Scientists discovered a whole skull of an ancient human progenitor at the archaeological site of Dmanisi, a small village in southern Georgia, Europe. The skull belongs to an ancient hominid that lived 1.85 million years ago!
Skull 5 or D4500 is a perfectly intact archaeological specimen with a large face, massive teeth, and a small braincase. It was one of five ancient hominin skulls discovered in Dmanisi, prompting academics to rethink early human evolution theories.
The researchers write, “The data gives the first suggestion that early Homo included adult inpiduals with small brains but body mass, height, and limb proportions above the lower range limit of contemporary variance.”
Dmanisi is a hamlet and archaeological site in Georgia’s Kvemo Kartli region, located in the Mashavera river valley, 93 kilometers southwest of the country’s capital Tbilisi. The 1.8 million-year-old hominid site was discovered.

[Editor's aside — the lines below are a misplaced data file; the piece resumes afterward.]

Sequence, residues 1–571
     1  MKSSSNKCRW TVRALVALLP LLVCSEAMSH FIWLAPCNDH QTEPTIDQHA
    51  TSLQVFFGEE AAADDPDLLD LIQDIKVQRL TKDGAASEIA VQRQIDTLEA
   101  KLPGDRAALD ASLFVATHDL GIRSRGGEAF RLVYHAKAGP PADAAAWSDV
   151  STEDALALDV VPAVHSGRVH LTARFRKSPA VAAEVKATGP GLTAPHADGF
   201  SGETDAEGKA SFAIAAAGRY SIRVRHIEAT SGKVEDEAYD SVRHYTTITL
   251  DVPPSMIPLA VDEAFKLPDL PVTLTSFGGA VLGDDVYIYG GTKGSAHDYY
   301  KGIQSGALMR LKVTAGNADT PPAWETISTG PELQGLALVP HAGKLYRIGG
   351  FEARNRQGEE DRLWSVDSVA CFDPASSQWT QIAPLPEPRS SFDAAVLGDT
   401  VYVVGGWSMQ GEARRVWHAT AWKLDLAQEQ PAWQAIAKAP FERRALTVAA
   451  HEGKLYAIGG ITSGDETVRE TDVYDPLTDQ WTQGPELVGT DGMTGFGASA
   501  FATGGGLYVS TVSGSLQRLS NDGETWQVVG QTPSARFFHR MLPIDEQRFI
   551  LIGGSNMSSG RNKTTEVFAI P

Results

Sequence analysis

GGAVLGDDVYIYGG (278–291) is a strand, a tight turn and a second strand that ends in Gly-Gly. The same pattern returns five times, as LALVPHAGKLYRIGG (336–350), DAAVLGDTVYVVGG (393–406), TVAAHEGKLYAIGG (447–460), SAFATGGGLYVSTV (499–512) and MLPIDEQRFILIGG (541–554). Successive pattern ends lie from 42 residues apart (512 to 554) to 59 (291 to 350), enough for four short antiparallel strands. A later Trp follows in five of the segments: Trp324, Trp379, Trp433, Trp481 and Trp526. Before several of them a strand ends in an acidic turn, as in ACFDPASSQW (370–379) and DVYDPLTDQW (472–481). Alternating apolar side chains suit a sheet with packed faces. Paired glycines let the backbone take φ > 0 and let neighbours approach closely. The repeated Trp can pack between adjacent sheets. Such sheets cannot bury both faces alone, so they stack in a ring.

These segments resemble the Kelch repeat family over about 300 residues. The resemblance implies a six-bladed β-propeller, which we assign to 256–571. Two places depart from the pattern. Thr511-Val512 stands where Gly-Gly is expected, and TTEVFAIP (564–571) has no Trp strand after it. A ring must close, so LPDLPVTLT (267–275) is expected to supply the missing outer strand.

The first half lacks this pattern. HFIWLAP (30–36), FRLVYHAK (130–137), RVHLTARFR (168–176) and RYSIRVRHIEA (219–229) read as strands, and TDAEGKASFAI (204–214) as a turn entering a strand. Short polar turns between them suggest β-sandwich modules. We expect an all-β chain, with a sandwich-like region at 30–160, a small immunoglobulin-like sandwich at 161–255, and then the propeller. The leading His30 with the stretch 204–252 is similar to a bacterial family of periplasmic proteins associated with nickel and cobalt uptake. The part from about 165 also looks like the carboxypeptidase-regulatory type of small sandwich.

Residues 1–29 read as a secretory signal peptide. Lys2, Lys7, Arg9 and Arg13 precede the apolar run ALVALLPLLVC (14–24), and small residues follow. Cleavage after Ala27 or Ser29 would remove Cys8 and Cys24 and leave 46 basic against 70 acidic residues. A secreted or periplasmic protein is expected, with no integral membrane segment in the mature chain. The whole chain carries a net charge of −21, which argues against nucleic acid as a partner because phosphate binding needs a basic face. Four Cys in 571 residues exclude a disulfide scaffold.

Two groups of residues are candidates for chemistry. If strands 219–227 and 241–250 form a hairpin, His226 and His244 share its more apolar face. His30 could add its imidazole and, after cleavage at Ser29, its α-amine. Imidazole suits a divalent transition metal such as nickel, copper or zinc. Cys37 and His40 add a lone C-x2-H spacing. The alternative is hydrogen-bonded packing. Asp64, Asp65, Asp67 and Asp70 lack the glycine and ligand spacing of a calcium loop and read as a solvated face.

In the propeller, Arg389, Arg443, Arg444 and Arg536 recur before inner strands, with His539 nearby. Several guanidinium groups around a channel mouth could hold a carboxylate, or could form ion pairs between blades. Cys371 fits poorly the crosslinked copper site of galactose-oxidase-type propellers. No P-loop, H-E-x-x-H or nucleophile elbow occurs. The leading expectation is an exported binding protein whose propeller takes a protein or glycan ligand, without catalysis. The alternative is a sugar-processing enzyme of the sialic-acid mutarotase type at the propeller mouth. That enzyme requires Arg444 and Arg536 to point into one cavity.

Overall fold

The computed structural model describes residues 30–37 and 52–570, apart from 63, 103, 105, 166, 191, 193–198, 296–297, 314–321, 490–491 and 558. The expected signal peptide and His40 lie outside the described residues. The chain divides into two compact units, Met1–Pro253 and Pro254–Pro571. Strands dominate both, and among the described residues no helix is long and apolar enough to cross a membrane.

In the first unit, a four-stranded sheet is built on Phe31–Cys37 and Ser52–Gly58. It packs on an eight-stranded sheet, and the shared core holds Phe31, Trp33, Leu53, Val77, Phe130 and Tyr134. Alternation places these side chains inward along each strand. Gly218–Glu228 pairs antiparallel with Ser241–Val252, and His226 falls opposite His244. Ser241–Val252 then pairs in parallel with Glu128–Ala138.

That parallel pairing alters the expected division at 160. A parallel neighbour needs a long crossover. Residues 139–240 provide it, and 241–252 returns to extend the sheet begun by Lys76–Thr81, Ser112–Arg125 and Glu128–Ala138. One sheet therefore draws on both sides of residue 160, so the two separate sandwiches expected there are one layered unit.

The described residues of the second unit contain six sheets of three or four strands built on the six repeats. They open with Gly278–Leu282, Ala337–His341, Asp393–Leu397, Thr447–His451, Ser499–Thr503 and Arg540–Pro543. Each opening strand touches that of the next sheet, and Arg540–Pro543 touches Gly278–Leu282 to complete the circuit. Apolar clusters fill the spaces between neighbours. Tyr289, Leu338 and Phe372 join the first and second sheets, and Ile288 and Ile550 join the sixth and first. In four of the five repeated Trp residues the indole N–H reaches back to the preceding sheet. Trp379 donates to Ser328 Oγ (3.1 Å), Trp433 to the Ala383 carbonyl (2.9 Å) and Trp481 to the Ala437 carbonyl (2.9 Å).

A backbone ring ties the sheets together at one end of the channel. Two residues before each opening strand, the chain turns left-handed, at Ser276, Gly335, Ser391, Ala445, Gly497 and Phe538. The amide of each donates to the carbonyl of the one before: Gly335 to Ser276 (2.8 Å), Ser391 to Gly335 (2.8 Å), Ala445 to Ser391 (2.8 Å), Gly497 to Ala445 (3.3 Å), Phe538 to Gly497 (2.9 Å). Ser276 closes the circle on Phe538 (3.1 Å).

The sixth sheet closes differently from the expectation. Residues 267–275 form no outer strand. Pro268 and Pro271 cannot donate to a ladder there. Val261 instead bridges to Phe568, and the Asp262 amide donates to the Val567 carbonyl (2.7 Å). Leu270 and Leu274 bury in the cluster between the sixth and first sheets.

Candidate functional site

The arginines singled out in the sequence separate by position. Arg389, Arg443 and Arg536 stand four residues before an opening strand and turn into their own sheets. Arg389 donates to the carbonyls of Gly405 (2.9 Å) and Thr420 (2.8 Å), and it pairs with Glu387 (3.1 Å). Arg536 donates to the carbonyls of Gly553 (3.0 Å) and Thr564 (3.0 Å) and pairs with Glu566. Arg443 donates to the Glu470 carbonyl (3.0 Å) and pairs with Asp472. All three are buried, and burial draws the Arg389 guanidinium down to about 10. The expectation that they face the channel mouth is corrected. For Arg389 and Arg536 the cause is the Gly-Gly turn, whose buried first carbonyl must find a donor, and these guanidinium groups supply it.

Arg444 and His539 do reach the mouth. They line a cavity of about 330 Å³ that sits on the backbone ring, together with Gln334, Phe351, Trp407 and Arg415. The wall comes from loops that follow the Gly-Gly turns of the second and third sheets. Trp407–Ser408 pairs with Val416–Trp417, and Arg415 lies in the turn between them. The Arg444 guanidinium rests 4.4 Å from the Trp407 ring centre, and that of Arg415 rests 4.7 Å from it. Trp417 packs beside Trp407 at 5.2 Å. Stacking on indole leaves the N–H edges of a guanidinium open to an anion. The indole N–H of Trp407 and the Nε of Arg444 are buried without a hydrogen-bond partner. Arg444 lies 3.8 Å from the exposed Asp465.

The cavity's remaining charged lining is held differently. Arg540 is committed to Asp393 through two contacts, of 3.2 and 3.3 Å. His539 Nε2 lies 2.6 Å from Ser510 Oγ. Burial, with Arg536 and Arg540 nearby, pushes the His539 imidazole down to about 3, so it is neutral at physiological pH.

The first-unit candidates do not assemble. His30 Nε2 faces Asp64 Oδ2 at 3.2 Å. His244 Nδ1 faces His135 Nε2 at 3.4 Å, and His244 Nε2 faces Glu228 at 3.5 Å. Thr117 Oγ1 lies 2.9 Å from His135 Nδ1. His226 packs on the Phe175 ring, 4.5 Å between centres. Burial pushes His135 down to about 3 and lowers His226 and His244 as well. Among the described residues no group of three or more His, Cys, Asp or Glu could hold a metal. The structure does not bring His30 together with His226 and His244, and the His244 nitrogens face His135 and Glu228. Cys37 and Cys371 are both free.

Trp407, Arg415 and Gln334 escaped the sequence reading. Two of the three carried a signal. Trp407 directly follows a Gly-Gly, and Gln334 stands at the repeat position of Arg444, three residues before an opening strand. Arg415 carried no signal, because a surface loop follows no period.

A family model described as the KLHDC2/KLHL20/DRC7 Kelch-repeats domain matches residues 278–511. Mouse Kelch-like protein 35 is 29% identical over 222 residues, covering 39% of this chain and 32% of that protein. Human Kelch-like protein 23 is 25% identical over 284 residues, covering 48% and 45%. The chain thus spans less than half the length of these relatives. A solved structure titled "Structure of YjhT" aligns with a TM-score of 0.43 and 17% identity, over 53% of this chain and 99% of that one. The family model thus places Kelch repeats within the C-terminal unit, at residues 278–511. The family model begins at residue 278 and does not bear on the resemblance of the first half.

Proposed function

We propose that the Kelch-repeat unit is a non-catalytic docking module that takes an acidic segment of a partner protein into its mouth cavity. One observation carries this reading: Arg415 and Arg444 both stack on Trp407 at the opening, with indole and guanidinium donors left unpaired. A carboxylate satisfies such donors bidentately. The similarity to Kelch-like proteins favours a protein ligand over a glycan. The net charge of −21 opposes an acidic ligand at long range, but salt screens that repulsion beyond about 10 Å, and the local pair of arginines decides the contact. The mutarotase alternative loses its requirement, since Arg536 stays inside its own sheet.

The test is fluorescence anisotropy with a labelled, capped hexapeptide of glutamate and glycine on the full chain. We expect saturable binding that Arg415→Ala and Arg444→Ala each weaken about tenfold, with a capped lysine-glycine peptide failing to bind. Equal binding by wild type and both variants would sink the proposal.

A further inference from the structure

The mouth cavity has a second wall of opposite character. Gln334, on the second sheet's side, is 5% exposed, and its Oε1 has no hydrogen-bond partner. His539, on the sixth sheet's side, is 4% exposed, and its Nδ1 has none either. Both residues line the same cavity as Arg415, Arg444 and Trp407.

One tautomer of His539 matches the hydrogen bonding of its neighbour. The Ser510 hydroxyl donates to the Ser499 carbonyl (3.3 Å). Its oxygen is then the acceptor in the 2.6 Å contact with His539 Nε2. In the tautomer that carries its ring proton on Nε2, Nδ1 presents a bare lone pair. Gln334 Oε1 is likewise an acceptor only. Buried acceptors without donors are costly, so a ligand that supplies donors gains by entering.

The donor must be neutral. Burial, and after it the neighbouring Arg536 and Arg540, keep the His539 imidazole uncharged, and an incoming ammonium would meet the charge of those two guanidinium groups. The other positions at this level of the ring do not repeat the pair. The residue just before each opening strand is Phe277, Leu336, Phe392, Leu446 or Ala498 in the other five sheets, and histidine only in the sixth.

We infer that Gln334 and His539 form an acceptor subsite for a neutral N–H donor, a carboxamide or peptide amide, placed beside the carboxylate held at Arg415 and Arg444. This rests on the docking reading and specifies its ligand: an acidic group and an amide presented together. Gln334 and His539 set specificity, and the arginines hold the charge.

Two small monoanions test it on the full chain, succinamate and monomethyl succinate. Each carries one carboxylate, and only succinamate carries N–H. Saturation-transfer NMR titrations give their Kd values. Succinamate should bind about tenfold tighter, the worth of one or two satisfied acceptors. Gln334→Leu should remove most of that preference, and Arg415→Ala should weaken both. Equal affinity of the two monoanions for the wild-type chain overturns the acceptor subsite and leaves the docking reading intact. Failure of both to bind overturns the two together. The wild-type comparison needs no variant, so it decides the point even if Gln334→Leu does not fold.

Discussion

Many separate species in the genus Homo were in actuality a common lineage, according to a series of skulls uncovered in Dmanisi in the early 2010s with varied physical traits. The fifth skull discovered in Dmanisi is Skull 5, commonly known as the “D4500.”
Until the 1980s, scientists believed that hominins were limited to Africa throughout the entire Early Pleistocene (until roughly 0.8 million years ago), only leaving during the Out of Africa I era. As a consequence, Africa received a disproportionately large share of the archaeological endeavor.
The Dmanisi archaeological site, on the other hand, is the oldest hominin site found outside of Africa, and an examination of its artifacts indicated that some hominins, particularly Homo erectus georgicus, left Africa as early as 1.85 million years ago. The age of the five skulls is almost the same.
The Skull 5 is thought to represent a typical version of Homo erectus, the human ancestors unearthed in Africa about the same time. While others speculate that it was Australopithecus sediba, a 1.9 million-year-old ape that lived in what is now South Africa and is regarded to be the origin of the genus Homo, which includes contemporary humans.
Many scientists have proposed countless new ideas, yet we still lack a true portrait of our own history.